In the wake of the revelation that the only driver starting Sunday's Italian Grand Prix from the position in which they qualified was Lewis Hamilton, Red Bull team boss Christian Horner was asked why the sport cannot agree on an alternative to the much-disliked engine penalty system.
With a straight face, the Briton told reporters that one of the biggest hurdles facing the sport is the self-interest of the teams.
Of course, his two drivers were among those hit hardest, for despite qualifying second and third, due to their various grid penalties the pair started the race 13th (Verstappen) and 16th Ricciardo.
With both drivers likely to incur further penalties in the remaining 7 races, and aware that next season sees the engine and component allocation reduced to three, Horner is calling for the allocation to return to 2016 levels of five units.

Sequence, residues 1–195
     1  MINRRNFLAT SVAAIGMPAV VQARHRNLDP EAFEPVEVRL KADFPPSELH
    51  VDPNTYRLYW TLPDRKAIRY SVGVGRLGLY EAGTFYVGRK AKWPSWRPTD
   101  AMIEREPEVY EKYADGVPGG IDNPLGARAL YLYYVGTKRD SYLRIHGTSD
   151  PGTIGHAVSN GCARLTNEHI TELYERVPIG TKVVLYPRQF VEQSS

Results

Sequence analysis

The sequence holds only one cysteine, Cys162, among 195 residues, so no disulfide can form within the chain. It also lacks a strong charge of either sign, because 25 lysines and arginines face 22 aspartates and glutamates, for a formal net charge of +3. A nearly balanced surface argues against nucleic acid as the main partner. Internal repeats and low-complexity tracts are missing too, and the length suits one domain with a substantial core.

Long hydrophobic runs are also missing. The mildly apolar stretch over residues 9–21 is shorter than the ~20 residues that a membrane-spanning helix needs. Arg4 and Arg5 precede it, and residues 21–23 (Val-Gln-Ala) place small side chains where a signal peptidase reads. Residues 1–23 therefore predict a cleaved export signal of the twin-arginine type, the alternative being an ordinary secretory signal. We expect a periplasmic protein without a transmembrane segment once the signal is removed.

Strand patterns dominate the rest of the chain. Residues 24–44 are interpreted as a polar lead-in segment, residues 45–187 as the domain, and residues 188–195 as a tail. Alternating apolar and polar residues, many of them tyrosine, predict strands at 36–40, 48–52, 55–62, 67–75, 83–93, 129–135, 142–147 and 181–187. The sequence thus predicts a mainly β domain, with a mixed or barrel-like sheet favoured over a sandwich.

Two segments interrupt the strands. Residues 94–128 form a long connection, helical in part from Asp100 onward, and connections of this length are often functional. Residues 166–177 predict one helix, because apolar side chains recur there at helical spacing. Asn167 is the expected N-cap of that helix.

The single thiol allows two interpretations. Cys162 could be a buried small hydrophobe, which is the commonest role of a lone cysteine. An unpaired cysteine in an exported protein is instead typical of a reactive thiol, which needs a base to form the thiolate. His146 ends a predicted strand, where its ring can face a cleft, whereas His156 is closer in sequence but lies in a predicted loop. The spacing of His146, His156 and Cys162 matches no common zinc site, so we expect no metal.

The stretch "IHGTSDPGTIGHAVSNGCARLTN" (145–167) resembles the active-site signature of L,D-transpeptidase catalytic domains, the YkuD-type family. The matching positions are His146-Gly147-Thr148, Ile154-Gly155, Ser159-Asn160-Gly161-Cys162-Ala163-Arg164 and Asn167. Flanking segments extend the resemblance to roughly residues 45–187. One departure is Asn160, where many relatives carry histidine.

"For me that should be number one on the agenda for the next strategy meeting," says Horner.
"I tried to get it changed at an earlier meeting in the year but there was no support for it," he added, the Briton clearly not having taken on board the fact that the Mercedes-powered teams, for example, are still, for the most part, on their third units.
"I would hope that would now perhaps be different with teams incurring and staring down the barrel of further penalties between now and the end of the year," he continued.
"It's not saving the cost because the engines are going on a world tour anyway," he insisted, "they're being used and you're just incurring penalties as a result. Perhaps we need to get back to a more equitable balance. Maybe five engines is the right number rather than four going to three.
"This (rule) has done nothing positive since it was introduced," he continued. "What concerns me is that we are now going to three engines for next year, with more races. To me, that should be number one on the agenda at the next Strategy Group meeting.
Of course, if the Red Bull's had the ultra-reliable Mercedes engines in the back, or even Ferraris, we are sure Mr Horner would be more than sympathetic to those teams running Renault power unit and calling for the same change to the regulations.
What was that about self-interest, Christian?